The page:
Kingdom of Heavenly Peace (1845-1864)

February 13, 2011

I’ve mentioned the Taiping Rebellion often. After writing more than a thousand posts and about four hundred thousand words, it’s difficult to recall all that I’ve said of the man that started this rebellion.

There is irony in Hong Xiuquan’s choice of naming his kingdom. During the years his Christian rebellion thrived, he ruled over a third of China and had an army of more than two million troops.

Since he was a converted Christian, Hong Xiuquan made overtures to the British and French asking for an alliance to help defeat the Godless Qing (Manchu) Dynasty. The British and French turned him down.

After all, profits often come before God. Christians may always ask for forgiveness later.

Xiuquan made his mistake by wanting to rid China of opium, which British merchants along with French, Germans, Americans, etc. wanted to keep selling to the Chinese.

The embedded video is about Hong Xiuquan. Hal Holbrook is the narrator and says, “While the seventh day Sabbath doctrine was gaining ground in America in the middle of the 19th century, the Taiping Revolution was sweeping across China…”

Hong Xiuquan was the ambitious son of a poor, peasant farmer.

However, he had a goal to become successful. After failing the Chinese civil service examinations several times, he met a Chinese Christian convert passing out pamphlets published by Protestant missionaries.

Hong put the pamphlets on a shelf and forgot them. After failing several more civil service exams, Hong suffered a breakdown and had strange dreams of an old man.

Holbrook says, “Traditional Chinese would not attach any importance to dreams unless or until there was some clear connection to real life.” At first, Hong did not see a connection.

Jonathan Spence, the author of God’s Chinese Son, which is about the Taiping Heavenly Kingdom of Hong Xiuquan explains that eventually the connection was made between the dreams and the Protestant pamphlets. The old man in Hong’s dreams had to be God.

After that, Hong Xiuquan believed the purpose of his life was to establish the Taiping Heavenly Kingdom of Great Peace. His religious zeal spread among the suffering peasants and inspired the greatest revolutionary movement of the 19th century.

The Qing Dynasty successfully asked the British and French for help, which allowed the Manchu to crush Hong’s Christian rebellion in 1864. In 19 years of rebellion, more than 20 million died.

Learn more of The Opium Wars (1839 – 1852) and (1856-1860)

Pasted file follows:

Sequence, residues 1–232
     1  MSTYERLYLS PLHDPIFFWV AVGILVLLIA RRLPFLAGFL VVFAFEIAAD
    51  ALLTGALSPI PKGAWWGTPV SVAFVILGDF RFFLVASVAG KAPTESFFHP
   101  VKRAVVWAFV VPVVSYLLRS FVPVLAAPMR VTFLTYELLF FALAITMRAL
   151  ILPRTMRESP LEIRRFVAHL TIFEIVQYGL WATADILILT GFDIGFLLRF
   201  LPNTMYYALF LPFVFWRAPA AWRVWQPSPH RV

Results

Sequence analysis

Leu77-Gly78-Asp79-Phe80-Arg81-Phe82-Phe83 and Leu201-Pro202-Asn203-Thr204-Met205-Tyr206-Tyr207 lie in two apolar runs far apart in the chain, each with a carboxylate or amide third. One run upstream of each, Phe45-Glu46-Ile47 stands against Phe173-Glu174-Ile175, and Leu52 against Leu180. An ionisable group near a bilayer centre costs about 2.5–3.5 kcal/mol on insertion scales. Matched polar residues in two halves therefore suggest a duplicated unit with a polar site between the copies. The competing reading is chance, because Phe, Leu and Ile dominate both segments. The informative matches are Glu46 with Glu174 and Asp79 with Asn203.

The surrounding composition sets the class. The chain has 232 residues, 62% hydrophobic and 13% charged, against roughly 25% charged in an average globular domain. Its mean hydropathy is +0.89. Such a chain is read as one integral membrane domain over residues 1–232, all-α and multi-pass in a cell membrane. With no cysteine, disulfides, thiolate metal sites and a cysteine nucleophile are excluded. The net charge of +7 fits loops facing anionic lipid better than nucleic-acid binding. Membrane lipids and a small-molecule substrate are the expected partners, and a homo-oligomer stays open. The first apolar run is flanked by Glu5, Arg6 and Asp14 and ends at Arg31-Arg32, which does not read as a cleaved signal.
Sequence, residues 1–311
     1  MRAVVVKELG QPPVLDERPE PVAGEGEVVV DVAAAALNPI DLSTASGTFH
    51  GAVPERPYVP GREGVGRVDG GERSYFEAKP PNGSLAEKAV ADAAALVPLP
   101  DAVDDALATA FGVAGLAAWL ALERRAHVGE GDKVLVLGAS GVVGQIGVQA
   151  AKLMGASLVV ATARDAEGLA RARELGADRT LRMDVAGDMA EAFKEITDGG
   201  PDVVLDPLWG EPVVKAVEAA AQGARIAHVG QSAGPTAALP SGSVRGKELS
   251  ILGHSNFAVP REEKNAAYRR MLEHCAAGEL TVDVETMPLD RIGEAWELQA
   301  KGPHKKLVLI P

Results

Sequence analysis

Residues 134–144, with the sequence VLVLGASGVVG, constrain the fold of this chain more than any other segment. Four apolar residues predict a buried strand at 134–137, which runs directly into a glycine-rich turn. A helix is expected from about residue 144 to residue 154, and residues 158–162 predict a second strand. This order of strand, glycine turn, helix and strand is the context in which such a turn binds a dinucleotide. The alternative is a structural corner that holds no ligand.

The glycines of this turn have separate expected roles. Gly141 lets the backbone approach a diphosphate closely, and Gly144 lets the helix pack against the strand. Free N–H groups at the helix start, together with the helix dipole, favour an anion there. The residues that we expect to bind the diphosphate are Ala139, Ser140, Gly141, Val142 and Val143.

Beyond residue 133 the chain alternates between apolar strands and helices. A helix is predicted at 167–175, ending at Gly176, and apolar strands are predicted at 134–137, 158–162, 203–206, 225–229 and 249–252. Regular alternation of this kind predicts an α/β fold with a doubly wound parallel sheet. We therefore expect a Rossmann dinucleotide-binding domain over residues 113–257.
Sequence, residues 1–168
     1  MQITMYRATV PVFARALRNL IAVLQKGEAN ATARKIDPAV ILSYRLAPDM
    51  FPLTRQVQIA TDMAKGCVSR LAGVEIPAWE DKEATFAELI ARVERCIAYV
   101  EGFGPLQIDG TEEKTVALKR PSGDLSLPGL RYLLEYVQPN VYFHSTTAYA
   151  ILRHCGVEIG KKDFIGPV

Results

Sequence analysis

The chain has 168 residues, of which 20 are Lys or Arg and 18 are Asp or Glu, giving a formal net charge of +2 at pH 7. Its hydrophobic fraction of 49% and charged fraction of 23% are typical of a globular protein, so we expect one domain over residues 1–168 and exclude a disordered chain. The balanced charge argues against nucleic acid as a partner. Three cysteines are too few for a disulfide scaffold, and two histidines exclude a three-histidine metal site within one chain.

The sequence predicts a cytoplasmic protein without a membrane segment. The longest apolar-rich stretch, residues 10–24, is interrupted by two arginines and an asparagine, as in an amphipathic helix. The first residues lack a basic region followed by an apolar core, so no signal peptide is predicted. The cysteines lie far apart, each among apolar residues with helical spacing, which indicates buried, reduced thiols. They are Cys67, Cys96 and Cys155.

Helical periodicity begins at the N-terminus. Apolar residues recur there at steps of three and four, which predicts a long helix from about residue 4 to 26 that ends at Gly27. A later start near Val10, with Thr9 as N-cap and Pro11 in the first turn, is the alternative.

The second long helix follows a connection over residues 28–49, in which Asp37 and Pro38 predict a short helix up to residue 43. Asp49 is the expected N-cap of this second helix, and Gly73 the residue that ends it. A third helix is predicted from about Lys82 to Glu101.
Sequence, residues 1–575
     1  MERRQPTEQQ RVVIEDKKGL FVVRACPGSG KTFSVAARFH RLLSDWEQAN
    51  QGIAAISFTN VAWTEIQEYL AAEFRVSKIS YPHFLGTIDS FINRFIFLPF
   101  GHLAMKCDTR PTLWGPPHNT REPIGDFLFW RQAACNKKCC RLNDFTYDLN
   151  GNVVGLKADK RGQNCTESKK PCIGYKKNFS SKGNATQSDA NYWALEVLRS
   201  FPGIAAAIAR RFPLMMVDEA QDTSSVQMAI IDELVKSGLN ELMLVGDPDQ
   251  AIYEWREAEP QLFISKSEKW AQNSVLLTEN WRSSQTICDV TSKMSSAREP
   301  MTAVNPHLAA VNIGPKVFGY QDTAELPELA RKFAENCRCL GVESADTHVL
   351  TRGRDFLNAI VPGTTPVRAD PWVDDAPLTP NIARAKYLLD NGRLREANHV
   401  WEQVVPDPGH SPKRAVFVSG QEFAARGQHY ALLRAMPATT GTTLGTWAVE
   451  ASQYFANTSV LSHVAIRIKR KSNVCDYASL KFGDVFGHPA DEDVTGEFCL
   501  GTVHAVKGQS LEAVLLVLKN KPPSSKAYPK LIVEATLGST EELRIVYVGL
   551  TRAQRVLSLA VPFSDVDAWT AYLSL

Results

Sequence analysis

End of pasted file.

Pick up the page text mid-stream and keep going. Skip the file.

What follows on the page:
Lloyd Lofthouse is the award-winning author of the concubine saga, My Splendid Concubine & Our Hart. When you love a Chinese woman, you marry her family and culture too.

If you want to subscribe to iLook China, there is a “Subscribe” button at the top of the screen in the menu bar.

Separation of Church and State — Part 1/3

January 6, 2011

In 1998, something dire happened in Washington DC while President Clinton was in the White House and the GOP controlled both houses of Congress.

Clinton must have made a compromise with the GOP since in the 105th Congress, the GOP held 55 seats in the Senate and Newt Gingrich was the Speaker of the House with 228 GOP votes of 435.

I have no idea what Clinton got out of the deal, but what happened was a huge victory for America’s conservative evangelical Christians. It also created a threatening situation for most of the world’s population.

These evangelicals are the same people who want to control women’s reproductive rights in the US and the same people who fight to block sex education designed to combat the spread of HIV AIDS.  These evangelicals are the same people that managed, while President G. W. Bush was living in the White House, to limit stem cell research possibly leading to many early deaths and much suffering among the living. 

To explore more on this topic, see Christian Today Australia – US evanglical engagement in politics is too partisan, say authors or Religion Gone Bad: The Hidden Dangers of the Christian Right.

What President Clinton and the GOP majority in Congress did was turn the U.S. Department of State into a global advocate for organized religion.

For many in China, this blending of government with religion in the US may be of a particular concern since China has a history with Christianity that has often ended badly.

When the treaty was signed ending the First Opium War (1840-1842), the British Empire included a clause that forced China to open its doors to Christian missionaries.

A decade later, the Taiping Rebellion (1851-1864) was led by a Christian convert that wanted to turn China into a Christian nation. In fact, Jonathan D. Spence wrote about this Christian convert in God’s Chinese Son.

In the end, more than twenty million were killed.  Ironically, Hong Xiuquan called the part of China he controlled the Kingdom of Heavenly Peace.

Then in 1900, there was the Boxer Rebellion (Righteous Harmony Society Movement), which was a popular peasant uprising to rid China of meddling Christian missionaries and foreigners.

An armed force made up of military from mostly Christian nations invaded China and ended the Boxer movement. The Christians stayed.

In Part 2, we will see why it is dangerous to allow a government to use taxpayer dollars to get into the business of spreading organized religion across the world.


Lloyd Lofthouse is the award-winning author of the concubine saga, My Splendid Concubine & Our Hart. When you love a Chinese woman, you marry her family and culture too.

If you want to subscribe to iLook China, there is a “Subscribe” button at the top of the screen in the menu bar.